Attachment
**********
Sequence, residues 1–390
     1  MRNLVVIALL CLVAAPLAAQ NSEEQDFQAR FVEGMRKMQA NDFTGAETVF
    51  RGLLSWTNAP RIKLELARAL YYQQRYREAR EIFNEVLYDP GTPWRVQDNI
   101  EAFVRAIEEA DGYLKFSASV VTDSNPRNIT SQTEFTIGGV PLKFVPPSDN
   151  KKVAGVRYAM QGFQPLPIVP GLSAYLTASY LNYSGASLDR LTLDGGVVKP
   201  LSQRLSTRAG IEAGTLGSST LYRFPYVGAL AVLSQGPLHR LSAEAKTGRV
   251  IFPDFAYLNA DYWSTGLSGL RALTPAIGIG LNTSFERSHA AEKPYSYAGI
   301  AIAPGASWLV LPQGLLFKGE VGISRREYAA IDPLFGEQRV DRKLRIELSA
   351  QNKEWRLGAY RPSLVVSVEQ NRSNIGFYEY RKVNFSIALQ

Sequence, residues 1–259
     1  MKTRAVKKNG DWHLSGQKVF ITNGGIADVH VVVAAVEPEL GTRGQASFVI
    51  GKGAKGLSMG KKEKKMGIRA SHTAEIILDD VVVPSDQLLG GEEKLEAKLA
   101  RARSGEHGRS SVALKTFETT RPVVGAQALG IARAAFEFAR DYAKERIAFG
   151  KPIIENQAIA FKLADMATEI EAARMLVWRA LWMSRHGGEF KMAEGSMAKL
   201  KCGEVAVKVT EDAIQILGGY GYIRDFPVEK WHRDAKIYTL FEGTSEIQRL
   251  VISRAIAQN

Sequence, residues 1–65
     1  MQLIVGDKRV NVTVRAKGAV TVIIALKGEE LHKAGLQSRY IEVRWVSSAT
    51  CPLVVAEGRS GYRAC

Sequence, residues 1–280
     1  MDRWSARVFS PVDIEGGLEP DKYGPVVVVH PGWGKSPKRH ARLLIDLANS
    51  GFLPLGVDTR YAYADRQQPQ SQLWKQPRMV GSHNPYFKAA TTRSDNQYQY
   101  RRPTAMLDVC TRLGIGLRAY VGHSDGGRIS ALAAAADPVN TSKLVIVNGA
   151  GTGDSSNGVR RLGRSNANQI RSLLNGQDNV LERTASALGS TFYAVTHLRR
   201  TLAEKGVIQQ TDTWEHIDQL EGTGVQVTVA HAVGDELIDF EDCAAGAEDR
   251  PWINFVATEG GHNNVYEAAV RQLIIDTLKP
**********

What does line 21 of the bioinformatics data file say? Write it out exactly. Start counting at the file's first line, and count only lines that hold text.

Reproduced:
     1  MDRWSARVFS PVDIEGGLEP DKYGPVVVVH PGWGKSPKRH ARLLIDLANS